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Dish may find it difficult to serve up a nationwide wireless network

US$26.5 billion merger of T-Mobile and Sprint gives satellite-television company the chance to be a major player, but it may struggle to suceed, say analysts

Becoming a wireless carrier would be a dramatic makeover for Dish, a company whose very name is synonymous with satellite equipment.

New York

DISH Network Corp., the hard-bargaining satellite-television company, is embarking on a second act as a major wireless carrier. But even with a cache of prized assets, it faces long-shot odds of pulling it off.

The Justice Department opened the door for Dish on Friday when it cleared the US$26.5 billion merger of T-Mobile US Inc. and Sprint Corp. In doing so, it forced those companies to divest assets that will potentially transform the pay-TV provider into a major competitor.

But Dish, controlled by Chairman Charlie Ergen, will still need to spend US$20 billion over the next few years to build a nationwide wireless network and make use of the spectrum it owns, according to Roger Entner, a telecom analyst and founder of Recon Analytics LLC. Additional billions will be needed to run the network, set up stores and buy advertising, he said.

"If you are spending less than the others, you are usually not closing the gap," Mr Entner said. "The others are not going to stand by and let Charlie Ergen take away their lunch. So difficult!"

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Becoming a wireless carrier would be a dramatic makeover for Dish, a company whose very name is synonymous with satellite equipment. Still, others have pulled off similar feats. Apple Inc. was a nobody in the mobile-phone market before 2007. Nintendo Co. was a 19th century maker of playing cards.

And Mr Ergen, a long-time card player, likes to gamble. In an interview on Friday, he said that anyone betting against Dish is making a foolish wager. "I've been in plenty of card games with guys across from me betting wrong," he said.

But he faces pressures that will make the overhaul challenging. With US$14.4 billion in long-term debt at the end of the first quarter, Dish already is highly leveraged and may have trouble raising funds at affordable rates, Mr Entner said.

Dish's existing satellite-TV business, meanwhile, has haemorrhaged subscribers in recent years.

Even if Mr Ergen is able to raise the money, competing with giants Verizon Communications Inc., AT&T Inc. and the new T-Mobile-Sprint will be tough, Mr Entner said. In most countries, only three wireless companies are able to make a profit. In the US, No. 4 Sprint has been a financial train wreck, racking up billions of dollars in debt and losses.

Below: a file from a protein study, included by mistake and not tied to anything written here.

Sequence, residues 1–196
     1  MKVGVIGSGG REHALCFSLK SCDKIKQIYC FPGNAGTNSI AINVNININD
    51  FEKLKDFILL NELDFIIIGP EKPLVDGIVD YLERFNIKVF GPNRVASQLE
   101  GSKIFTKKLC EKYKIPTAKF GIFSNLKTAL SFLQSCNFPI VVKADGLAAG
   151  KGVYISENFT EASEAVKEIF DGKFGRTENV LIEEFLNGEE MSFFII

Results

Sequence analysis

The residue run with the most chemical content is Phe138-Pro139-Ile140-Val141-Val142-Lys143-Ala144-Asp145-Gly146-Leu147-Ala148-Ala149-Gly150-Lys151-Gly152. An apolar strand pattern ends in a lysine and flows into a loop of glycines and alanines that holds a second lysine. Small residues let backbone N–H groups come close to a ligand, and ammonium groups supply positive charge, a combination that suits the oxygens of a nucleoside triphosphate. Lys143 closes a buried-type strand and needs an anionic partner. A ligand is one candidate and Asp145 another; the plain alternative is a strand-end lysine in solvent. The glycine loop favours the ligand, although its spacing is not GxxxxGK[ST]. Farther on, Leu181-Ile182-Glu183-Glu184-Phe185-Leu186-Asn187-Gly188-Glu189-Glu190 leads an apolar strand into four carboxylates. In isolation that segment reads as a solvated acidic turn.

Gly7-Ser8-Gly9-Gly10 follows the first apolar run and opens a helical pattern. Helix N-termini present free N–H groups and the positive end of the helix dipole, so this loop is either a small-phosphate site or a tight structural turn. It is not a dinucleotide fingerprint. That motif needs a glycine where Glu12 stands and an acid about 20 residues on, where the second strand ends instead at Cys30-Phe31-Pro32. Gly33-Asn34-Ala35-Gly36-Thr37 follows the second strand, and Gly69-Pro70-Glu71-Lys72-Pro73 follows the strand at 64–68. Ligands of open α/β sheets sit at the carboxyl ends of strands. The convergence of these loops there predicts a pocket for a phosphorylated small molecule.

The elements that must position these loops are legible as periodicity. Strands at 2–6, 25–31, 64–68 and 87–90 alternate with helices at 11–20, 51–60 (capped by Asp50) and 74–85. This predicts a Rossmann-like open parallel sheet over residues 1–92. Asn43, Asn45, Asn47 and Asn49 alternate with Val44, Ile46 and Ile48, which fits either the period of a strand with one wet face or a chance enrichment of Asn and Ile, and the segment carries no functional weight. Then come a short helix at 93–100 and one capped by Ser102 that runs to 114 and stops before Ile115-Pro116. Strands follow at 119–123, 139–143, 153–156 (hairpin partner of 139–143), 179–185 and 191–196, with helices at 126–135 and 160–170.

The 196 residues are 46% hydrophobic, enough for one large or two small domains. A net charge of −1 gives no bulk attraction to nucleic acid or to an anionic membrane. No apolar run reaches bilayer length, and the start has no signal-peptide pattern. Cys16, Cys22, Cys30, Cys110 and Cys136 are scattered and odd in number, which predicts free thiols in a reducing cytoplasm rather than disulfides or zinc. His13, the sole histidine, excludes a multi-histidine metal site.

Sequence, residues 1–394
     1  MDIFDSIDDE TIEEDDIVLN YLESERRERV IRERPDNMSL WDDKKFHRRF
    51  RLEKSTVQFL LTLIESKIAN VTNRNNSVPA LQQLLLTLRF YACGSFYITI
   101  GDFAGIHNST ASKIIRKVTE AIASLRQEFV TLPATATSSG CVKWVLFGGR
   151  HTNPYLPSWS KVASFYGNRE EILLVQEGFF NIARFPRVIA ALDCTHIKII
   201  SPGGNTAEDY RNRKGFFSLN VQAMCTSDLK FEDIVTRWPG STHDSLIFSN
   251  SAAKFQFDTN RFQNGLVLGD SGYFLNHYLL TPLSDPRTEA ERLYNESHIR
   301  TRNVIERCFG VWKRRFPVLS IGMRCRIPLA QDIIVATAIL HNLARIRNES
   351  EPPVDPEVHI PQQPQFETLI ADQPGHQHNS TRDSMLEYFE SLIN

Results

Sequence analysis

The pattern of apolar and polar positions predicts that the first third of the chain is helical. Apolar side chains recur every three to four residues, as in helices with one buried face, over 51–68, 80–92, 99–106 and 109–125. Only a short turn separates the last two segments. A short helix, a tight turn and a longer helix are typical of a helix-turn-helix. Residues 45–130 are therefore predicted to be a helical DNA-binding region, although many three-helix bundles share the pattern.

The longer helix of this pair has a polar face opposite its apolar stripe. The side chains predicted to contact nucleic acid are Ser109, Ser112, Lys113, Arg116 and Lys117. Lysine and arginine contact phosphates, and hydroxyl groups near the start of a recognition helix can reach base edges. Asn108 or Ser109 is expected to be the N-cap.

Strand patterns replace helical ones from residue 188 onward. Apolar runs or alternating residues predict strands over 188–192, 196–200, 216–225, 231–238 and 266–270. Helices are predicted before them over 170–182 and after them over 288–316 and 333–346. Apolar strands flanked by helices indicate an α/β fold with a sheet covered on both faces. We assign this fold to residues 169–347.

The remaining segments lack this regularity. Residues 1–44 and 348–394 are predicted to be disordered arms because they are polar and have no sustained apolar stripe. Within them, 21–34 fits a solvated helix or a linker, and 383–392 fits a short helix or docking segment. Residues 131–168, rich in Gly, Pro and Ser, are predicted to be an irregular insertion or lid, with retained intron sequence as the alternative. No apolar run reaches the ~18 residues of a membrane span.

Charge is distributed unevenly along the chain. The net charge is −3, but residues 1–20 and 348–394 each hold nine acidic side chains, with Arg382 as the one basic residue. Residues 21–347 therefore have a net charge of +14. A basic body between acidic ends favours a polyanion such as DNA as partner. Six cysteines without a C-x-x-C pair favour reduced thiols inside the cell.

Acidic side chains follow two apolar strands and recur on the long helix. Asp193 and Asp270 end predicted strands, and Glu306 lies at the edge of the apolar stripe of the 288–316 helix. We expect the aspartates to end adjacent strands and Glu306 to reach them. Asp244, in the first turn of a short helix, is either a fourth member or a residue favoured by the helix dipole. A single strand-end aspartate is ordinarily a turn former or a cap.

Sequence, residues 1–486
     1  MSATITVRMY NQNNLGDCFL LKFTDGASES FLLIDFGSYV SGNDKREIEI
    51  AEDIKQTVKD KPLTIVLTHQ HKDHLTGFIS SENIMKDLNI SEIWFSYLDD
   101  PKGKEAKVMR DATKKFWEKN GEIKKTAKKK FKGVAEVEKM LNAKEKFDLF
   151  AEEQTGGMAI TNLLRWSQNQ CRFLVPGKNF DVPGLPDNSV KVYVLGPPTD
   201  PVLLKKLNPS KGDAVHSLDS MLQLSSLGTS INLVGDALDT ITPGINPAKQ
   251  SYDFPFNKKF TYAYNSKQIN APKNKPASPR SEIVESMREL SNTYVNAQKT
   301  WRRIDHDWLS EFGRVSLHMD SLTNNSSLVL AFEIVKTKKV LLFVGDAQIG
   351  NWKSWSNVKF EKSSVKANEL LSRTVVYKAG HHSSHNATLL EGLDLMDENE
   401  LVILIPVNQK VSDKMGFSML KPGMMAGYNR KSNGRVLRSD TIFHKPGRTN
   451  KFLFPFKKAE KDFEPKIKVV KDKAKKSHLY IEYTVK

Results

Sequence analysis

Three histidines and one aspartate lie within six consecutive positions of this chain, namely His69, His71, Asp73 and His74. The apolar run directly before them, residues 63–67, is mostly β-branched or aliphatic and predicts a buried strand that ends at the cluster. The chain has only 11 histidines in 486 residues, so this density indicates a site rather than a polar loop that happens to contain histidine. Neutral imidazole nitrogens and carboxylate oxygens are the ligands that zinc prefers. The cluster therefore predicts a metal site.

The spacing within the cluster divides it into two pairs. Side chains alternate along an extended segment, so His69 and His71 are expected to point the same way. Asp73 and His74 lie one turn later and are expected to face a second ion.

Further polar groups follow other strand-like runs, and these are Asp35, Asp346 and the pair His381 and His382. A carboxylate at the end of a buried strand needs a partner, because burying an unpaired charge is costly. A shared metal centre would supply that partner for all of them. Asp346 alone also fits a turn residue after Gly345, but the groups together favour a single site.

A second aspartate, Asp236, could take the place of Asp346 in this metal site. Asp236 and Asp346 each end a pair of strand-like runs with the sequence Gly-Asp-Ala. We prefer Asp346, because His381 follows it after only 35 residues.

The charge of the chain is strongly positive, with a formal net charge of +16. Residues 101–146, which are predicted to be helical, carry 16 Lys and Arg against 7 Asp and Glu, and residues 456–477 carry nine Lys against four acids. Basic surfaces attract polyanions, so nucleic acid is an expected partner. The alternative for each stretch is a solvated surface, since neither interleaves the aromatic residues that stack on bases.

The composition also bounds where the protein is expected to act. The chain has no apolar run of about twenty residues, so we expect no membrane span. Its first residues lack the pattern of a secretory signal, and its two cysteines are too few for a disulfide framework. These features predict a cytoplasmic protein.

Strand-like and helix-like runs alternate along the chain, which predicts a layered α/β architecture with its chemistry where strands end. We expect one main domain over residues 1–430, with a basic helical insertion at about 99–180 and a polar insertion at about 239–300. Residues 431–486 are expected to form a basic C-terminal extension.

Dish said on Friday that it won't need additional funds for at least the next year or so. And it's already getting offers from prospective financing partners, said Tom Cullen, Dish's executive vice-president overseeing its wireless push.

Consumer groups have doubts about the endeavour. Public Citizen labelled the Justice Department deal a disaster on Friday, and called out Englewood, Colorado-based Dish in particular for failing to deliver on a long-promised network. Even before the agreement with T-Mobile and Sprint, the satellite company had vowed to turn its wireless airwaves into a network.

"Dish is never going to build out a wireless network," Alex Harman, competition policy advocate for Public Citizen's Congress Watch Division, said in a statement. "It has been promising the Federal Communications Commission and the Congress for nearly a decade that it would enter the wireless market but has never done so."

What's more likely is that Dish will ultimately sell its wireless assets to a top-three wireless carrier, analyst Chetan Sharma said in an interview. And that would leave US consumers in the exact situation that the Justice Department sought to avoid: picking among just three options.

As part of the Justice Department agreement, Dish agreed not to sell some of its spectrum for six years without prior regulatory consent. The company also can't lease more than 35 per cent of its capacity to the top-three providers for six years without regulatory approval.

Dish is committed to rolling out a nationwide 5G network that reaches 70 per cent of the US population by June of 2023. If the company fails, it owes the government as much as US$2.2 billion.

"As we enter the wireless business, we will again serve customers by disrupting incumbents and their legacy networks, this time with the nation's first stand-alone 5G broadband network," Mr Ergen said in a statement.

Underlying that pledge is US$5 billion in assets that T-Mobile and Sprint agreed to sell to Dish as a condition of Justice Department approval of their merger.

Under the accord, Dish is buying spectrum, as well as Sprint's Boost and Virgin prepaid businesses. T-Mobile is also required to provide access to its mobile network for seven years while Dish builds its own 5G network, according to a Justice Department statement.

The spectrum purchase is expected to be completed three years after the closing of the acquisition of the prepaid business, Dish said.

"The remedies set up Dish as a disruptive force in wireless," Makan Delrahim, the head of the Justice Department's antitrust division, said in a briefing with reporters.

While Dish may struggle to build a network on its own, it could fare better if it secures a partner, such as a large technology company, said Tim Farrar, principal at TMF Associates. The terms of the deal with the Justice Department bar an outright change in control.

"The key question is whether a new entrant can disrupt the wireless market," Mr Farrar said. "On its own the answer is no, but if Dish secures a major partner like Amazon, then it becomes more plausible." BLOOMBERG

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